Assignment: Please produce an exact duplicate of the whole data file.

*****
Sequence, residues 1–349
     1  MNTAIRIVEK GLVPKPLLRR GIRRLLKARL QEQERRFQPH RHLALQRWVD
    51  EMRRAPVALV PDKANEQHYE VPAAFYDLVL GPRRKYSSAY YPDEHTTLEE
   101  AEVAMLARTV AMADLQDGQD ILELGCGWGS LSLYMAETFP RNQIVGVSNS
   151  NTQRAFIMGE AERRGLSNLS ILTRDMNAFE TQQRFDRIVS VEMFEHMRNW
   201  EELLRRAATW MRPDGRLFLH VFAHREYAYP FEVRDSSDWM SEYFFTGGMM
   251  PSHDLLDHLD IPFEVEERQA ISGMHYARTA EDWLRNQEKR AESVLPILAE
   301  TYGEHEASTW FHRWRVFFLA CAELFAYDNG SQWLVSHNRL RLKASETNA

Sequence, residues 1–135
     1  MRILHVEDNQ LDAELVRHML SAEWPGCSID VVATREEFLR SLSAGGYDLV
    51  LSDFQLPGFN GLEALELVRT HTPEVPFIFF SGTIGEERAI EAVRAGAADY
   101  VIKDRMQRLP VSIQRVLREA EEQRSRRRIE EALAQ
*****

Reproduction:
Sequence, residues 1–349
     1  MNTAIRIVEK GLVPKPLLRR GIRRLLKARL QEQERRFQPH RHLALQRWVD
    51  EMRRAPVALV PDKANEQHYE VPAAFYDLVL GPRRKYSSAY YPDEHTTLEE
   101  AEVAMLARTV AMADLQDGQD ILELGCGWGS LSLYMAETFP RNQIVGVSNS
   151  NTQRAFIMGE AERRGLSNLS ILTRDMNAFE TQQRFDRIVS VEMFEHMRNW
   201  EELLRRAATW MRPDGRLFLH VFAHREYAYP FEVRDSSDWM SEYFFTGGMM
   251  PSHDLLDHLD IPFEVEERQA ISGMHYARTA EDWLRNQEKR AESVLPILAE
   301  TYGEHEASTW FHRWRVFFLA CAELFAYDNG SQWLVSHNRL RLKASETNA

Sequence, residues 1–135
     1  MRILHVEDNQ LDAELVRHML SAEWPGCSID VVATREEFLR SLSAGGYDLV
    51  LSDFQLPGFN GLEALELVRT HTPEVPFIFF SGTIGEERAI EAVRAGAADY
   101  VIKDRMQRLP VSIQRVLREA EEQRSRRRIE EALAQ